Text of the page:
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National Columnist

Culliver played the role of the ignorant, and then we played along

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NEW ORLEANS -- Out of the blue, Chris Culliver happened. What happened next? We happened next. You. Me. All of us. Chris Culliver happened and that was a shock, but what happened next was no shock. It unfolded like a script, and congratulations to all of us -- we nailed our lines.

The media at Super Bowl XLVII, waiting for something to happen? We stopped waiting. It just happened. A cornerback for the San Francisco 49ers said something ugly about homosexuality. There's our story. So we wrote it.

People who thrive on the mistakes of others have been doing big business on Twitter and other places thanks to Culliver. Hurry -- this is your chance to show how enlightened you are. Relish in the moral superiority.

Not that everyone rejected Culliver's remarks about homosexuality. For those who don't approve of homosexuality -- sorry, the homosexual lifestyle -- Culliver was speaking their language when he said all sorts of vile and mean-spirited things about gay people, saying stuff like "[I] can't be with that sweet stuff" and adding "we don't got no gay people on the team, they gotta get up out of here if they do" and concluding that anyone gay on his team had better wait at least 10 years after retirement to announce that bit of bad news.

It was dumb, what Chris Culliver said, but what happened next was dumber.

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We acted like Chris Culliver matters.

He doesn't matter. Not outside the offices of 49ers owner Jed York, who has tried hard and successfully to partner with the San Francisco area's LGBT community, and who surely took Culliver's dumb comments as a betrayal of those efforts.

But everywhere else -- the big picture, the smaller picture, any picture I can imagine -- Chris Culliver doesn't matter. He's not a congressman. He's not writing laws for this country. He's just an ignorant fool who said something ignorant and foolish, but Chris Culliver saying what he said isn't going to affect how people view homosexuality, because people have already decided. They're dug in, on both sides. He's not going to change the world. Reserve cornerback Chris Culliver?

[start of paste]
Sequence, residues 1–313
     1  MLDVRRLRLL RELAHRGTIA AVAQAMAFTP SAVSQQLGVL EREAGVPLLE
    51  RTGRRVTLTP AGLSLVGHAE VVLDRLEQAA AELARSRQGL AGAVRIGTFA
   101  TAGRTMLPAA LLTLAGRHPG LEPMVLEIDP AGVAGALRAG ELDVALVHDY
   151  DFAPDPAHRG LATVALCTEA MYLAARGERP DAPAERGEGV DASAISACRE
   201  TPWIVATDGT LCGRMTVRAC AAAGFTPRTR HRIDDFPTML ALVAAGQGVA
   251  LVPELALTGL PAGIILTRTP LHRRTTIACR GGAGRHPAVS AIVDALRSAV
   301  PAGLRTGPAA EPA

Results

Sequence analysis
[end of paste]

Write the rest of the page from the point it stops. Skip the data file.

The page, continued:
Really?

If the speaker doesn't matter, then how much can his words possibly mean?

I'm not saying everyone had to ignore Chris Culliver. We couldn't, not after he set in motion a predictable wave of events by going on with comedian Artie Lange and saying the stupid things he said. The only winner in this whole story, by the way, is Lange, who won in much the same way that an ambulance-chasing lawyer wins when two ambulances crash in front of his shingle. Lange is a crude entertainer who wins when people outside his immediate family acknowledge his existence.

It's no coincidence that people like Chris Culliver and Artie Lange are at the center of this story. Lange can't get important players to talk to him, so he takes Chris Culliver. And Culliver can't get important media figures to interview him, so he takes Artie Lange.

Now everybody wants to talk to Culliver, because all of a sudden he matters. Whether it's hate speech or something else, we love it when somebody with a public forum, however small that forum may be, says something politically incorrect. Some of us love it because we're thrilled that someone finally said what we've been thinking. The rest of us love it because we hate it -- and if there's one thing that makes us happy, it's the chance to be unhappy.

Culliver gave us that chance, and we stepped in it. Partly, we had to. Statements like those Culliver made can't be met with silence, because some would see that silence as tantamount to approval. Culliver had to be rebuked, and the 49ers rebuked him thoroughly. Coach Jim Harbaugh met with Culliver almost immediately and said that as an organization "we reject what he said." The team also made that clear in a statement that said the 49ers "reject [Culliver's] comments. ... There is no place for discrimination within our organization at any level."

In a perfect world, that would have been enough. But this world isn't perfect. Culliver showed that by saying what he said, and then we reinforced it by freaking out like we did. An editor at the Huffington Post wrote that "there is no question that Culliver must be suspended." A reporter asked Jim Harbaugh if the comments "will impact his playing time in the Super Bowl." (Harbaugh didn't say yes or no, saying only that the comments would impact Culliver as a person more than anything else.)

At Change.org, which calls itself "the world's petition platform," a petition was created urging the NFL to "send Culliver to spend a day with the New York Gay Football League."

Three gay advocacy groups -- GLAAD, Athlete Ally and the You Can Play Project -- offered individual or joint statements denouncing Culliver's remarks.

The message board below this Culliver story at CBSSports.com was a congregational hotspot. Other websites had similar hotspots. Radio had something to talk about. You had, in Culliver's comments, something to enthusiastically celebrate -- or something to passionately reject.

Chris Culliver, meanwhile, has apologized -- repeatedly, vulnerably, convincingly and publicly. He issued a statement. He met the media. Over and over he said he was sorry, and thus our circle was complete.

Athlete says something awful. Media shrieks. Neanderthals rejoice. Advocacy groups advocate. It's the dance we do, and the music never stops.


Gregg Doyel is a columnist for CBSSports.com. He covered the ACC for the Charlotte Observer, the Marlins for the Miami Herald, and Brooksville (Fla.) Hernando for the Tampa Tribune. He was 4-0 (3 KO's!) as an amateur boxer, and volunteers for the ALS Association. Follow Gregg Doyel on Twitter.
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